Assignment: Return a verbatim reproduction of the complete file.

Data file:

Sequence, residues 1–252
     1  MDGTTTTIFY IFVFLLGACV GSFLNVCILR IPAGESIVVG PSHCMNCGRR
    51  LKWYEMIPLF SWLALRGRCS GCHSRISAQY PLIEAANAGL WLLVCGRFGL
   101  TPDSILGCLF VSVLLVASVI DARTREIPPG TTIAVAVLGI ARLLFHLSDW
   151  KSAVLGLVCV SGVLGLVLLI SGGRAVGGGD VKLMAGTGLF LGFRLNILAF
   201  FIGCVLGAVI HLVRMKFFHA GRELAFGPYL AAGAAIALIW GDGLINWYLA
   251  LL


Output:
Sequence, residues 1–252
     1  MDGTTTTIFY IFVFLLGACV GSFLNVCILR IPAGESIVVG PSHCMNCGRR
    51  LKWYEMIPLF SWLALRGRCS GCHSRISAQY PLIEAANAGL WLLVCGRFGL
   101  TPDSILGCLF VSVLLVASVI DARTREIPPG TTIAVAVLGI ARLLFHLSDW
   151  KSAVLGLVCV SGVLGLVLLI SGGRAVGGGD VKLMAGTGLF LGFRLNILAF
   201  FIGCVLGAVI HLVRMKFFHA GRELAFGPYL AAGAAIALIW GDGLINWYLA
   251  LL